Destined for great things

Posted April 13, 2022

Helena, 20 years old, wears her long black hair with a white bandana and is clothed with grey bicycle shorts, a black short-sleeved top, and black sneakers. She gazes back over her right shoulder as she walks along a wooden path in the woods. There are dead trees and branches around her in front of a light blue sky. This picture is located on Theodore Roosevelt Island.

Growing up I was always the kid that was looked at funny, the one that did not really look like or do what everyone else did.

From a tremendously young age, I visited an orthopedic consultant to address my flat feet and severely inward ankles. I wore pronation braces and arch support orthotics, or what my mom liked to call “cookies,” to address these issues.

Though I grin at how innocent I looked during those times, I cannot help but remember my youth slipping from me as my health began to visibly deteriorate compared to my peers. It was isolating. A child should never look at herself in the mirror and define these minute imperfections and differences as a true and sincere definition of beauty and strength. Yet, I am lucky to have a mother who at this age shielded me from societal and personal criticisms of my boundaries and uplifted my worth.

I did not know there was ever something severely wrong with me, I just thought I was born different. But the moment these issues presented themselves, my mom knew she had to address them – because this was her too. All the women on my mother’s direct side have had severe knee dislocations and joint issues, with my mom presenting the most. To this day, despite numerous surgeries and hours of physical therapy, her knees, toes, and shoulders still dislocate. Yet through this tremendous pain, she is a true warrior. None of them have had any concrete diagnoses, but the genetic continuation of this disease could not go unrecognized.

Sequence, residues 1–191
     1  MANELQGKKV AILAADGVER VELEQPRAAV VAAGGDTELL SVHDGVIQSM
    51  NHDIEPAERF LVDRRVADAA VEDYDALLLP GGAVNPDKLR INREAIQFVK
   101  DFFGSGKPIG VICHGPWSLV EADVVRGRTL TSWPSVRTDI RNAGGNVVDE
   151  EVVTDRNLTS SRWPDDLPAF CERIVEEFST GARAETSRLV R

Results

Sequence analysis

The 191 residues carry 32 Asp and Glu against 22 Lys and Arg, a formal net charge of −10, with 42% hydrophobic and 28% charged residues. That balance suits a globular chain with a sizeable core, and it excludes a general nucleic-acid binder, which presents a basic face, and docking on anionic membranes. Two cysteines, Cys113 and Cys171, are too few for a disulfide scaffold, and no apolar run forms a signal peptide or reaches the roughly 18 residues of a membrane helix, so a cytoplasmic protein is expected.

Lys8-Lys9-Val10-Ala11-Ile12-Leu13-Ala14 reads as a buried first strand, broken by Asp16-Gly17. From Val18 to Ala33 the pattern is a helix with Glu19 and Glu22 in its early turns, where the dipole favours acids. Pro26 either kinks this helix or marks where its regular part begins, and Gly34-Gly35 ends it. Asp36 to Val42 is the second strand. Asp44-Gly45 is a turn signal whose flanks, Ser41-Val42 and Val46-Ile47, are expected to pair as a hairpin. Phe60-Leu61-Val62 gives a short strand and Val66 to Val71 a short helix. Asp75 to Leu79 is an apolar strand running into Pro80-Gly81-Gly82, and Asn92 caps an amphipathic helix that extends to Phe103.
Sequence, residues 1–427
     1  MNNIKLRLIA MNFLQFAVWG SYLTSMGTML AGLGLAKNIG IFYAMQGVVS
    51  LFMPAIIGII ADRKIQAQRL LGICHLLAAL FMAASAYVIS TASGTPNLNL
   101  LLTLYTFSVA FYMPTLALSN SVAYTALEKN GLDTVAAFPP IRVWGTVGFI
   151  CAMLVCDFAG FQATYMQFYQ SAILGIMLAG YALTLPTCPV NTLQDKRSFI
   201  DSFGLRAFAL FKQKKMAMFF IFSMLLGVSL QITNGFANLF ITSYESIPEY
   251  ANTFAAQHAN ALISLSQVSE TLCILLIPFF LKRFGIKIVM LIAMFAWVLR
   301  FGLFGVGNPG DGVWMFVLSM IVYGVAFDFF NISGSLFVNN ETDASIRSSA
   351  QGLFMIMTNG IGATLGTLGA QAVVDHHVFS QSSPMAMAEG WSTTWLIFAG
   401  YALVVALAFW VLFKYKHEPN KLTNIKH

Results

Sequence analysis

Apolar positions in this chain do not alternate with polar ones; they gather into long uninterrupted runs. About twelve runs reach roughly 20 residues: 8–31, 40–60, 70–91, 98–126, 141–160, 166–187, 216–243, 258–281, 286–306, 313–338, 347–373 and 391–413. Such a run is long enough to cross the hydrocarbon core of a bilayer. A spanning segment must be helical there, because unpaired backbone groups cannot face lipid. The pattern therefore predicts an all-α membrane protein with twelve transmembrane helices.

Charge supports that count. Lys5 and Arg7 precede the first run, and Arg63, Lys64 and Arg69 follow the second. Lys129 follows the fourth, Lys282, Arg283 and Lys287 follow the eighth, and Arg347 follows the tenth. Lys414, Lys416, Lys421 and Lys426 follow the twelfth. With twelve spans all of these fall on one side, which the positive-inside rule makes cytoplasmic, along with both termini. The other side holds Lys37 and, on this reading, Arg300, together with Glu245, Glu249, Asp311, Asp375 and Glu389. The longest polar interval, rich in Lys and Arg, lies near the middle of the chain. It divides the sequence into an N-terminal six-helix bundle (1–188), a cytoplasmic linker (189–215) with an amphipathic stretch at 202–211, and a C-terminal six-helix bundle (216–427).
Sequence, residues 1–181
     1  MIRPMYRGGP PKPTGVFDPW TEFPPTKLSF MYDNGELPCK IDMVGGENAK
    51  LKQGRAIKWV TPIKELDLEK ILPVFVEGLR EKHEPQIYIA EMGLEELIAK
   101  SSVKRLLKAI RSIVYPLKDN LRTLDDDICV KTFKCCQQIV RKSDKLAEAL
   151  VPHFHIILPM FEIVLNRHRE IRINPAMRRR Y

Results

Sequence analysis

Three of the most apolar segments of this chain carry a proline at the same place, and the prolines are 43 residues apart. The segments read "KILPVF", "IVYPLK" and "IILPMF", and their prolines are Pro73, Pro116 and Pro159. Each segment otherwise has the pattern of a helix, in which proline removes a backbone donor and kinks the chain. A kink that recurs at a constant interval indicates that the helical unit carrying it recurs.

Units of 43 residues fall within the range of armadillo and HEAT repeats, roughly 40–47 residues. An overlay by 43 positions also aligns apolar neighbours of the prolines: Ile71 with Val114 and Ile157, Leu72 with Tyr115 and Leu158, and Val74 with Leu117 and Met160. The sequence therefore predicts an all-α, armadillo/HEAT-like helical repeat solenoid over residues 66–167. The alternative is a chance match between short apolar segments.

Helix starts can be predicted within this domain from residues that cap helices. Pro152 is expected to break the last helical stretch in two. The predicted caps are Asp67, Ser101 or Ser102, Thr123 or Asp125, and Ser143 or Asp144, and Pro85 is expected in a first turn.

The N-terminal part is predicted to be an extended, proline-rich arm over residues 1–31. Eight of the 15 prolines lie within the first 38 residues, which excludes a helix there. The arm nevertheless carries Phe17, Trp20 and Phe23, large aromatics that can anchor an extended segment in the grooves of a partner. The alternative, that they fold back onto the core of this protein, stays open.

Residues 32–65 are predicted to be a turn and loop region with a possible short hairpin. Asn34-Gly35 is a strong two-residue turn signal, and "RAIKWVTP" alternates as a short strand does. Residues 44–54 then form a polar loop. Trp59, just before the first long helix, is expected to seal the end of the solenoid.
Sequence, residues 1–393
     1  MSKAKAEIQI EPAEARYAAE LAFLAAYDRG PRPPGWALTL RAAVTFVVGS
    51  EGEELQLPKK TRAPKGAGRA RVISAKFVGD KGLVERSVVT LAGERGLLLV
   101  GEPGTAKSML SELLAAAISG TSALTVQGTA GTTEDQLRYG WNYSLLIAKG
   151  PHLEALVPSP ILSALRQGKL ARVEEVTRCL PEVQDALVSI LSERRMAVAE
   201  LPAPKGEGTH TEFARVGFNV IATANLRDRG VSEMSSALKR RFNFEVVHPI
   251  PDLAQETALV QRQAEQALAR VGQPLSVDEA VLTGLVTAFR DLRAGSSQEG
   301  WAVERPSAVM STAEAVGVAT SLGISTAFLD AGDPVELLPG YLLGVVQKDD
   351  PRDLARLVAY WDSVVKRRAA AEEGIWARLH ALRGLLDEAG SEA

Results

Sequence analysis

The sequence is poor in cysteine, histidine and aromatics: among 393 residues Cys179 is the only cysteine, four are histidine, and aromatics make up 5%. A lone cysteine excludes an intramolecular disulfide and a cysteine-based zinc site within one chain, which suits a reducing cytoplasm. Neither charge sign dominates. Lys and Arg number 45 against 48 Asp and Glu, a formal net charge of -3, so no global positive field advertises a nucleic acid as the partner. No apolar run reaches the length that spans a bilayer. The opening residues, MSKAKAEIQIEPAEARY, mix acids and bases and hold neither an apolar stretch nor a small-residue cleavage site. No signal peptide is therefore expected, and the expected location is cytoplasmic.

My first knee dislocation was in third grade during my afterschool program. I simply turned around from the lunch table after grabbing a marker and slowly walked back to my friend’s table when suddenly my left knee felt the most excruciating pain and I dropped to the floor. I thought I broke my leg, and I screamed at the top of my lungs saying I did and could not move. After the hospital trip, my mother finally told us the truth about our family – how we have lived through this pain for generations, but we are the strongest that can ever come.

And that is when it all began.

Numerous hospital trips, two knee surgeries, hundreds and hundreds of hours of physical therapy, only taking P.E. for a total of four years in my total education, thousands of tears, and cries for mercy. No more soccer, no more dance, no more running with friends or jumping on the trampoline, no more being a kid. I became an adult at the age of 8.

When I entered my undergraduate education, my joint pain progressed so excruciatingly that it became debilitating to walk to class, and some days I had to miss for I could not even get out of bed. The pain was overwhelming as if burning stones were my bones and my muscles were concrete. It took till the age of 20 for me to say “no more” and no matter the healthcare barriers, I was finally going to get a diagnosis. And last fall, I did. I. visited an exceptional Arthritis and Rheumatism office in Washington, DC that officially diagnosed me with hypermobile EDS (hEDS) and guided me towards physical therapy that will directly address the excruciating pains and discomfort in my knees and shoulders. Though there are years to come for more concrete understandings of this illness and any others comorbid to it, I am proud to say I have risen above it all.

Though the name “Helena” in my childhood town is attached to the stories of ambulances, screaming injuries, crutches, and wheelchairs, I wish I could go back to my eight-year-old self, hold her in my arms, and tell her that the pain will not subside, but she herself will blossom into a beautifully strong and wise woman destined for the greatest of things.

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